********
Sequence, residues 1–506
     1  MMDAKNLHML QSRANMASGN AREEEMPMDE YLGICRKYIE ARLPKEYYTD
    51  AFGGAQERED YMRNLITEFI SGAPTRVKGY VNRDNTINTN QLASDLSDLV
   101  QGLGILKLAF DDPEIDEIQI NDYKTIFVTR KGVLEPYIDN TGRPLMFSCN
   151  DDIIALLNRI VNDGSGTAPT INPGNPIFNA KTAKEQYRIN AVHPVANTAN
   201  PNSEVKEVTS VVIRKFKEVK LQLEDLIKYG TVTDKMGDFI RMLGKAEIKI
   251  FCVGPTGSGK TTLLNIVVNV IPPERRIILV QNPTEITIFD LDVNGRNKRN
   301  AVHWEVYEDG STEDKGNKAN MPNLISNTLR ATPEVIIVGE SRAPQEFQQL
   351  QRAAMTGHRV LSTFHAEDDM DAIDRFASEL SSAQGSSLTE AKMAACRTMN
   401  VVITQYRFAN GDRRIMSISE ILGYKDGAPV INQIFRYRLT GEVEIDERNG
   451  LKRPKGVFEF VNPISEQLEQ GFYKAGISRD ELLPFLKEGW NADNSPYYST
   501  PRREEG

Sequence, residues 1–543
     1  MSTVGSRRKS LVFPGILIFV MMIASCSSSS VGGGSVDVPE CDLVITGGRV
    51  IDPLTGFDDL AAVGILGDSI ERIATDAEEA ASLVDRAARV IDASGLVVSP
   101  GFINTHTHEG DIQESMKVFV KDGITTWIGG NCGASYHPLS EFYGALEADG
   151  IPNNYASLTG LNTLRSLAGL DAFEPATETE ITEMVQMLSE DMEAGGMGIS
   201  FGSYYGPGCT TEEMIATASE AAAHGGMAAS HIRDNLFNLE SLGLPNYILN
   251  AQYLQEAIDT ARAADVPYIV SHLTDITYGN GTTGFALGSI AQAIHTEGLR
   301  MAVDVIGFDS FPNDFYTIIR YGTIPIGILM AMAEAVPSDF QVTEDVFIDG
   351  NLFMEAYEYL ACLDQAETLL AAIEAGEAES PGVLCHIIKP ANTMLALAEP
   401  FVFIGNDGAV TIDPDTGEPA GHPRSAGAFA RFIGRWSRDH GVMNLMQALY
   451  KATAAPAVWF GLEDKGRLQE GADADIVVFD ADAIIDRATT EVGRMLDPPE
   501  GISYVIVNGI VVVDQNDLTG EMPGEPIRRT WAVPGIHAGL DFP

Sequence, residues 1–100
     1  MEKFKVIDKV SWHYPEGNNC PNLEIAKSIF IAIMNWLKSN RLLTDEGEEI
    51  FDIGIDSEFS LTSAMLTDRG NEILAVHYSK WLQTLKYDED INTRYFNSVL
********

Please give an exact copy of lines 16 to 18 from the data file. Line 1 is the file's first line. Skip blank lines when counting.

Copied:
   101  GFINTHTHEG DIQESMKVFV KDGITTWIGG NCGASYHPLS EFYGALEADG
   151  IPNNYASLTG LNTLRSLAGL DAFEPATETE ITEMVQMLSE DMEAGGMGIS
   201  FGSYYGPGCT TEEMIATASE AAAHGGMAAS HIRDNLFNLE SLGLPNYILN